A comprehensive list of responses by commentators and collectives has been posted by Orinam. In one of them, Gee Imaan Semmalar offers in-depth critical analysis of the text of the judgment, and its possible implications. He points out that the judgment, which he calls “confused and confusing,” conflates a number of transgender identities, for example referring to all hijras as ‘third gender’.
Semmalar points out that the judgment also pathologises transgender people, does not address issues faced by transmen and repeatedly uses offensive terms like ‘eunuch’, a word which has been used to criminalise transgender communities.
In this piece, Semmalar predicted a lot of the problems of conceptualisation as well as implementation that are now apparent with the draft transgender rights bill, such as the issue of certification or reservations:
“To avail benefits like OBC reservation in jobs and education, would it be compulsory for trans women to get third gender identities? The process is not clear and neither is whether they have a choice. (…) What does a blanket OBC reservation mean to a community that has a large number of dalit trans people? An unwarranted promotion? What does an OBC status mean to internal hierarchies?”
He also argues that it is not clear from the NALSA judgment whether sex reassignment surgery would be necessary for gender identity to be legitimised by the state.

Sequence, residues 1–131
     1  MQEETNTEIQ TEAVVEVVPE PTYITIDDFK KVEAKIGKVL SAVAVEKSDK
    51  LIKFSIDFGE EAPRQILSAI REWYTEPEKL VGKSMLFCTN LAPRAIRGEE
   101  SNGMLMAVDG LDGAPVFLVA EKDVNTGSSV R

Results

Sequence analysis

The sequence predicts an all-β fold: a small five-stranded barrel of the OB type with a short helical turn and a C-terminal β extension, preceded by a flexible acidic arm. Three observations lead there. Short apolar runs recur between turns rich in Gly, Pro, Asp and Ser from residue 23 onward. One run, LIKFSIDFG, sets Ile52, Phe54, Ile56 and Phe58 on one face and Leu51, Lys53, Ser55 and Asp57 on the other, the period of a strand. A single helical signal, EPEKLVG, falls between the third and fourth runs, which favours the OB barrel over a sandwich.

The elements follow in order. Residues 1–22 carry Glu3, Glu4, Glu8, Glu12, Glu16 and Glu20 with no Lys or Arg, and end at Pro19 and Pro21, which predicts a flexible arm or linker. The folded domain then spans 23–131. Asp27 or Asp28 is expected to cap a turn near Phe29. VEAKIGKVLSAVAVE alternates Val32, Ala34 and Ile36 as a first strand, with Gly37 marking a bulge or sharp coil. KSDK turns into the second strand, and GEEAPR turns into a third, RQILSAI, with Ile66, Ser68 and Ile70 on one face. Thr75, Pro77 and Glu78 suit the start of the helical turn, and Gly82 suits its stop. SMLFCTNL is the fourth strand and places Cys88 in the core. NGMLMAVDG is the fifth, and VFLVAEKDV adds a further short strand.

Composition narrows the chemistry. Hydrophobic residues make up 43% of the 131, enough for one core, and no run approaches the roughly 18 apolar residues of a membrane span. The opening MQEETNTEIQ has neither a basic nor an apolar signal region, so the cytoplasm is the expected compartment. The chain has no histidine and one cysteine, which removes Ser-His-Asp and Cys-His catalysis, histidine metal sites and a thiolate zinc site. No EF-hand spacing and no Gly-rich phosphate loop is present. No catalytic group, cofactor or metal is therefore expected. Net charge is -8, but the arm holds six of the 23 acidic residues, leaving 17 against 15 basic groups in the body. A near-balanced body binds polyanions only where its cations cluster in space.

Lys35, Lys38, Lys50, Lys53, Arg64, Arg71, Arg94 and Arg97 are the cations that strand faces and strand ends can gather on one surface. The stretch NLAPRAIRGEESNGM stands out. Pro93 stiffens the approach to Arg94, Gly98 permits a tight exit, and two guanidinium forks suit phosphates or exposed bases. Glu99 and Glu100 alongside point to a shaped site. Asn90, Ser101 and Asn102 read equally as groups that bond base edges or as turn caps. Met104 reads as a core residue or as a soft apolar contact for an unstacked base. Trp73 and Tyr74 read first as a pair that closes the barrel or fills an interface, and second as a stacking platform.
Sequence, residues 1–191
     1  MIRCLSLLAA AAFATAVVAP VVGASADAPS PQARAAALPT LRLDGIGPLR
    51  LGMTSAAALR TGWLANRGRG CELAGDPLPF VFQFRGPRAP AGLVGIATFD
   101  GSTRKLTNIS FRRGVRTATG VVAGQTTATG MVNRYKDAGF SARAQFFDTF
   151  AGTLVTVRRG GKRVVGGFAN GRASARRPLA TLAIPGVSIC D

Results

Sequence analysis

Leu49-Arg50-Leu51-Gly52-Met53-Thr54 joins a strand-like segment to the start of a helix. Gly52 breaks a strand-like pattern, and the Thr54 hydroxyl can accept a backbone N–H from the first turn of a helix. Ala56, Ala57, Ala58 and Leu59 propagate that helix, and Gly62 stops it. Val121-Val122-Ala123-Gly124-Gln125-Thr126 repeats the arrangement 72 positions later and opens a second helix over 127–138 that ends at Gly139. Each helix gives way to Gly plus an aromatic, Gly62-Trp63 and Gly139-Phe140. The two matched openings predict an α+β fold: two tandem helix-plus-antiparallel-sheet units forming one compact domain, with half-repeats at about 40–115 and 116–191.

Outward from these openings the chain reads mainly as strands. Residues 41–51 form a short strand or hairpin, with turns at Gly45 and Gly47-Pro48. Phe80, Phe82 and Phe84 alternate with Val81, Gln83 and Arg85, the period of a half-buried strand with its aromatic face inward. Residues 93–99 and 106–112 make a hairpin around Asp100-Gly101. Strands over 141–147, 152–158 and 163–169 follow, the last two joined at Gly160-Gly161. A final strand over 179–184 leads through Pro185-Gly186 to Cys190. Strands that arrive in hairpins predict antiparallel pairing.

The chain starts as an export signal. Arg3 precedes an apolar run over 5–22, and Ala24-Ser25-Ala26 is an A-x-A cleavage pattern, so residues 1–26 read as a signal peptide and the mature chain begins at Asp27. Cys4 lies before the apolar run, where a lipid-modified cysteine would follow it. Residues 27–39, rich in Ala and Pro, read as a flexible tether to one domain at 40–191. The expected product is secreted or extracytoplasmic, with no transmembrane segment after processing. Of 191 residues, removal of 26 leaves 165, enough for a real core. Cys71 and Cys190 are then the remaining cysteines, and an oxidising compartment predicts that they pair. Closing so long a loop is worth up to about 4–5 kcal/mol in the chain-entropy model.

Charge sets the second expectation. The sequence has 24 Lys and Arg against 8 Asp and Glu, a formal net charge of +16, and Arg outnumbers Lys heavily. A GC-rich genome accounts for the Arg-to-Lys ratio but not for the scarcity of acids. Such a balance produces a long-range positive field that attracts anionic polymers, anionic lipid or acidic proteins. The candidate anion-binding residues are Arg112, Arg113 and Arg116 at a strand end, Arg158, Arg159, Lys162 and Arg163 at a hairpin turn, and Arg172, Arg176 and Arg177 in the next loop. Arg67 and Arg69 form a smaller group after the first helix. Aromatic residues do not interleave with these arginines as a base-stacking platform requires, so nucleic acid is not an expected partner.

In a written critique of the NALSA judgment, Dutta also points out that the judgment is far from clear on its stance on the recognition of gender identity. “At one point it cites the Argentina model which allows for self-identification without requiring medical certification, a model which has been lauded by many trans activists. Yet at other points it seems to suggest that ‘psychological tests’ would be necessary, which is potentially very problematic given the constraints of how diagnosis of gender dysphoria works in psychiatry and medicine,” writes Dutta.
The road ahead
The MSJE has not yet uploaded a revised version of the draft bill onto its website, so it is unclear whether they have accepted any of the numerous suggestions given by transgender rights collectives.
Another concrete example of the huge lack of political will on the issue is the fact that not a single ministry sent in its comments on the draft bill during a process of inter-ministerial consultation. A senior official of the Ministry of Social Justice said, “But even after the passage of 15 days (the timeline on inter-ministerial consultation), the concerned ministries have not sent their comments, following which it was sent to the Legislative Department of the Law Ministry for finalising the Bill so that it can be sent to the Cabinet for approval.”
Meanwhile, transgender people continue to be effectively criminalised by the Indian state, over two years after the Supreme Court judgment that at the very least attempted to look at gender beyond the stultifying and violent binary of ‘male’ and ‘female’, and to address transgender people who identify at different points in the gender spectrum.